Do you have “range anxiety”?

Do you have “range anxiety”?

When I was young, I found it challenging to see how far I could get on a tank of gas.  Often I ended up coasting down hills and sometimes driving on fumes; a few times I found myself pushing my car a short distance, or more times than I want to admit, hitching a ride to the nearest gas station.  Now I’m wiser—or like to think so. Going too far on less than a quarter tank of fuel would definitely give me “range anxiety”.

Range anxiety is a new dictionary term, typically used to describe today’s electric car owners . It refers to the stress experienced when there’s a real possibility that the battery in a car is going to run out of power before the destination or a suitable charging point is reached.

Understanding personal fuel and your own internal energy

Range anxiety is a helpful way for describing how you feel when you’re running low on “personal fuel”. As a leader, you are expected to do or achieve in a certain way.  But without enough fuel in your tank, it’s impossible to “go the distance”, that is, perform well in your job, prove yourself, and consistently achieve great results.

Think of your personal fuel as motivation and passion. Such “fuel” gives you the energy you need to get up each day, achieve desired results, build productive relationships, create, build, and thrive without feeling drained or anxious. Personal fuel literally drives you to do better. When personal fuel starts to dwindle, performance suffers as “range anxiety” sets in.

When you feel range anxiety, the stress of “running out of fuel” begins to worry you—and it shows in your behaviour.  If you don’t do something about it, eventually your personal engine starts to sputter and you could literally grind to a halt!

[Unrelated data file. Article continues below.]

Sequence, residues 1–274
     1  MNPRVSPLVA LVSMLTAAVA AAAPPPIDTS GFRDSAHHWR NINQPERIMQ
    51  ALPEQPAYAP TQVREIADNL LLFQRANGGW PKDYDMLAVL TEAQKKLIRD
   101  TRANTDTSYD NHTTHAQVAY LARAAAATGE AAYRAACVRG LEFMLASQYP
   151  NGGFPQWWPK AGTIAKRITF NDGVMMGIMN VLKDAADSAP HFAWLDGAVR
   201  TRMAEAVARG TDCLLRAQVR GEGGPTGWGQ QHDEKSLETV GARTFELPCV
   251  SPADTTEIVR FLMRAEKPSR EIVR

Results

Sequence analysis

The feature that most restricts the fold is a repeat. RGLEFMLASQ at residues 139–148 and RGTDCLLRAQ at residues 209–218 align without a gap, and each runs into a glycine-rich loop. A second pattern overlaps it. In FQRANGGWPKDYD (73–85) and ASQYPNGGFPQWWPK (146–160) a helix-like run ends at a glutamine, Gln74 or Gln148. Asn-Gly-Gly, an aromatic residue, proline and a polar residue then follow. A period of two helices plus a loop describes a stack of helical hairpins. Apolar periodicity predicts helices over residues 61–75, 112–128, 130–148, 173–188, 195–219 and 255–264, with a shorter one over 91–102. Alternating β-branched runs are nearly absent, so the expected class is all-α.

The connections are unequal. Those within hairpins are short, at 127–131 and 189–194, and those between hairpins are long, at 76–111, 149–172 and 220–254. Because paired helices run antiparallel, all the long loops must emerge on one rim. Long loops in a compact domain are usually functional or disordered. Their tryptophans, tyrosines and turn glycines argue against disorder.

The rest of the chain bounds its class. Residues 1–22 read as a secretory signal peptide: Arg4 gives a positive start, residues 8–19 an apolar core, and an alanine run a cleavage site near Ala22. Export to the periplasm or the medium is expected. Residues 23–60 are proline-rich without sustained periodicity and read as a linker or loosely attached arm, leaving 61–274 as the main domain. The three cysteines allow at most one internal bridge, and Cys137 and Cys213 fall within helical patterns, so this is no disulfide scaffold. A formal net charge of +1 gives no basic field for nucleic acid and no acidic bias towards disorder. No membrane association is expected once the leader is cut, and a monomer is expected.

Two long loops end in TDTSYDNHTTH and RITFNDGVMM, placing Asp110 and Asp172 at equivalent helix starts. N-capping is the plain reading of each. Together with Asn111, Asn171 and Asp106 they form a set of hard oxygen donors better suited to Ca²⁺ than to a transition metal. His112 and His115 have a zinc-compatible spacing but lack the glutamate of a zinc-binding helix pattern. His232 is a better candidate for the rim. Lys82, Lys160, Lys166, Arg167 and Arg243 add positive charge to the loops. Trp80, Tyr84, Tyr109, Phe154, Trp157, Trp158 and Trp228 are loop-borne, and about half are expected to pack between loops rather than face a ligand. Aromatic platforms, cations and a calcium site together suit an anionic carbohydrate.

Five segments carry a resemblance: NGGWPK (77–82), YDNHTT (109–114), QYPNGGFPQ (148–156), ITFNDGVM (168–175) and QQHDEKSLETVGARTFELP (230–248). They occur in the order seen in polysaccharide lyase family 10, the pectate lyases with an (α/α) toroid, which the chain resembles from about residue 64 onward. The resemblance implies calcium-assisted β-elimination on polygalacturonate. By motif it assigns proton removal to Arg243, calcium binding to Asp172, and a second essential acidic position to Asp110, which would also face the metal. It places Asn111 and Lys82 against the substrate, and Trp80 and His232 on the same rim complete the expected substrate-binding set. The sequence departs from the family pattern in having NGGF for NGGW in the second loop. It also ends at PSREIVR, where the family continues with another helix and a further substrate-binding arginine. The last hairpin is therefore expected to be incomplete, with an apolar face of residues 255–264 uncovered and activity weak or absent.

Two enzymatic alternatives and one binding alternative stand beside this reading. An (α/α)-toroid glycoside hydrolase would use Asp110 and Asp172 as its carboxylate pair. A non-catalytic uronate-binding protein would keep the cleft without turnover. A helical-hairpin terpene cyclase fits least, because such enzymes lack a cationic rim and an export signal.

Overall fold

Leaders need to take stock of their personal fuel needs

Many leaders I have the opportunity to work with haven’t considered, planned or integrated their psychological fuel needs into their journey.  Too often they expect themselves to go the distance without taking stock of their fuel needs. They compromise their own energy, acting like it comes from a never ending supply that’s right around the corner.

Humans aren’t built with fuel gauges, but we do tend to exhibit certain signs when our personal fuel is heading toward empty. Typically, these can include:

  • Lack of energy for lengthy team meetings
  • Lack of energy to do detailed work
  • Failure to listen well
  • Inability to make good decisions in challenging situations.
  • Lack of focus and passion
  • Apathy and irritability

Find your personal gas stations

Like gassing up a car, it’s amazing how quickly our internal fuel gauge can go from empty to full, and our stress or “range anxiety” dissipates. What most of us need is a better understanding of where we find our personal “gas stations”.

Leaders also need to understand that everyone is fueled differently. Don’t expect your direct reports to be energized the same way you are. This isn’t the time for guess work. The Birkman Method gives you a personal “owners manual” describing what energizes you and your team members.

Once you’ve identified your fuel sources, try these tips for limiting range anxiety:

  1. Learn to ask for the kind of fuel you need.
  2. Be proactive. Learn to get your fuel before you show stress.
  3. Plan on getting even more fuel during difficult legs of your journey.
  4. Learn what your stress behaviours are telling you and how to read them in others. They are telling you something loud and clear. Are you listening?
  5. Learn how to quantify your energy. Measure it. Become aware and respond.

There are various sources of personal fuel, for example, a collaborative not competitive environment, time alone, focused goals, the need to be spoken to with respect, etc.

Take a moment and think about your personal fuel. What energizes you? What drains you? If you have a moment, write them down and send me your list.